For those who do not fit within the narrow confines of the gender binary, Spanish is not inherently an inclusive language. In recent years, our community has attempted to rectify this by making the language more (inclusive). For example, instead of using Latinos to describe people with Latin American heritage, they use Latinx or Latines. However, there are some who feel the word Latino already does an effective job at grouping a large number of people and that we shouldn’t be changing the Spanish language. The Real Academia Española (RAE), the official source on the Spanish language, falls squarely into this camp.

This week, RAE released its first style manual – edited along with Asociación de Academias de la Lengua Española (ASALE) – for the Spanish language, and in the opening chapter, it rejects the use of “x” and “e” as gender-neutral alternatives, according to Clarín. The academy said we should default to the masculine because it can also encompass the feminine. (Though this doesn’t offer a solution to those who do not identify as either male or female.) However, if there’s a group of 100 women and one man joins them, the group is no longer “ellas” but “ellos.” It’s another reason people have started using terms, such as “ellx” and “elles.”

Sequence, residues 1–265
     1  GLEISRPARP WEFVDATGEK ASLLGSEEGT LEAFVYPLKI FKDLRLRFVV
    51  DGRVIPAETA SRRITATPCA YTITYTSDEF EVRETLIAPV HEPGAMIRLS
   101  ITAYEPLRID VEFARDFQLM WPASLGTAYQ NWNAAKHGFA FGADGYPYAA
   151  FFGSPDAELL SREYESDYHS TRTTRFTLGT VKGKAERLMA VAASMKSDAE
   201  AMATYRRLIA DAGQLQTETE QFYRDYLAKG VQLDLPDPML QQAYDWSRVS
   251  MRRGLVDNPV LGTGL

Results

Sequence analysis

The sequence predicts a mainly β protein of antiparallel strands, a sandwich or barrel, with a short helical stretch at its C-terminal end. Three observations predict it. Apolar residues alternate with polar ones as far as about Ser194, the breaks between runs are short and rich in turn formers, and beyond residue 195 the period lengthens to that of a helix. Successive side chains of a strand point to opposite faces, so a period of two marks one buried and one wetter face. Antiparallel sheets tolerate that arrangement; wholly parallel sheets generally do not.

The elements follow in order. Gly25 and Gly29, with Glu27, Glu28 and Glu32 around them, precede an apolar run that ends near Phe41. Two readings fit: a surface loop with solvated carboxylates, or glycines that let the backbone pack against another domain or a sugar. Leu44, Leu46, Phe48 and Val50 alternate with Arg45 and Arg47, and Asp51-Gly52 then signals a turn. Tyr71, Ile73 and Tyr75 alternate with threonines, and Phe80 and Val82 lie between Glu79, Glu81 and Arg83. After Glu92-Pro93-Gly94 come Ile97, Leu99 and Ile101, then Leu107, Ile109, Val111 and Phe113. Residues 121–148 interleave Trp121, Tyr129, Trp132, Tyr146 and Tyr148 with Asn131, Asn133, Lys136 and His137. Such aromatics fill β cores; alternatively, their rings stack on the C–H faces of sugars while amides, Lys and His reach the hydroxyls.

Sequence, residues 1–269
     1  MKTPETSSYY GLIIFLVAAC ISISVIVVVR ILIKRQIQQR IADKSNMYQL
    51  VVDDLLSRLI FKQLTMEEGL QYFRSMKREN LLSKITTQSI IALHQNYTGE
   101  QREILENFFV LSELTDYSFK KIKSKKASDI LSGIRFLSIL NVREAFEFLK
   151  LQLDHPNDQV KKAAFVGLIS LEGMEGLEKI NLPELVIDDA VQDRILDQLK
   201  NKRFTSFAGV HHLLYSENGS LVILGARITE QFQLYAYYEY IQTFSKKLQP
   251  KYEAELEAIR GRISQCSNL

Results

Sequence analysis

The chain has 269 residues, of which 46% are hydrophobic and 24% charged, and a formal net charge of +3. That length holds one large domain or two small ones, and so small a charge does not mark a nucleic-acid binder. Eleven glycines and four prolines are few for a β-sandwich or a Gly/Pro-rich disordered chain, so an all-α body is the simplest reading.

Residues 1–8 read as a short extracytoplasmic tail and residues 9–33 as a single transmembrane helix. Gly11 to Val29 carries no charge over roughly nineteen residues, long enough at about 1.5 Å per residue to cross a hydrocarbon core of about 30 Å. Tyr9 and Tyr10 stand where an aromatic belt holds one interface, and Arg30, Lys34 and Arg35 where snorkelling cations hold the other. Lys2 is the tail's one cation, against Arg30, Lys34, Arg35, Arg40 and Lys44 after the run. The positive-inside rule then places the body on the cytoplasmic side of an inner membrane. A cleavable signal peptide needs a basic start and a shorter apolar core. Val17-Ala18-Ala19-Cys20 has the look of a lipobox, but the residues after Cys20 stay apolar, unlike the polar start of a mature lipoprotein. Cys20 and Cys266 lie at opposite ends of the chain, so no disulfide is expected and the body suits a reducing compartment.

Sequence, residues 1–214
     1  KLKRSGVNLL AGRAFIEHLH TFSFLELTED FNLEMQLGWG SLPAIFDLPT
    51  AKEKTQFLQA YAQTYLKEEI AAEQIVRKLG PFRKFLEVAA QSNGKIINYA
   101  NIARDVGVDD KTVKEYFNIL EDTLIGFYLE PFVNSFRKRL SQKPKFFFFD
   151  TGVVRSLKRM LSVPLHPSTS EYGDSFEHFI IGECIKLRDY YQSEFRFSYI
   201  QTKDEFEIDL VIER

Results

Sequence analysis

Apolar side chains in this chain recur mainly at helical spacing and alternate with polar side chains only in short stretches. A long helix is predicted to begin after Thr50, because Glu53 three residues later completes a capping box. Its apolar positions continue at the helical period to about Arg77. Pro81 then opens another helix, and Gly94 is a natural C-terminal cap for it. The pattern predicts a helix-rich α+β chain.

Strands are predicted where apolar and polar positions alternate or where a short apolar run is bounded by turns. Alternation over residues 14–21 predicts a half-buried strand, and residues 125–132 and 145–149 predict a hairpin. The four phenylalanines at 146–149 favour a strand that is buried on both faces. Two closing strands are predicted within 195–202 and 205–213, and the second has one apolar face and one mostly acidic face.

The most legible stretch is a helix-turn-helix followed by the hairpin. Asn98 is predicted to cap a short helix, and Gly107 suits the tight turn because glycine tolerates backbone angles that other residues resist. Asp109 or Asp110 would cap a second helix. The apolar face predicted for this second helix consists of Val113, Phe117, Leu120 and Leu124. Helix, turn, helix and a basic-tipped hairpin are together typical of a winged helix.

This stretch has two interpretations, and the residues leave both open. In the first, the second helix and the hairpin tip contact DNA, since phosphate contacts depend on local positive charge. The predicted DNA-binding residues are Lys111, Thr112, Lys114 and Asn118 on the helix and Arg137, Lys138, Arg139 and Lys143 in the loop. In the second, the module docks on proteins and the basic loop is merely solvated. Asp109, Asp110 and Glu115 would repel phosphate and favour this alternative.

But the RAE remains inflexible when it comes to gender inclusive terms. “The problem is we’re confusing grammar with machismo,” said Darío Villanueva, RAE’s director.

It’s not the first time the RAE has spoken out against the “x,” but it’s not as if the academy isn’t adding new vocabulary. “Tuit,” “Yutubero,” and “guasap” are part of its glossary, but instead of using a term like “jaquer,” it suggests people use “pirata informático.”

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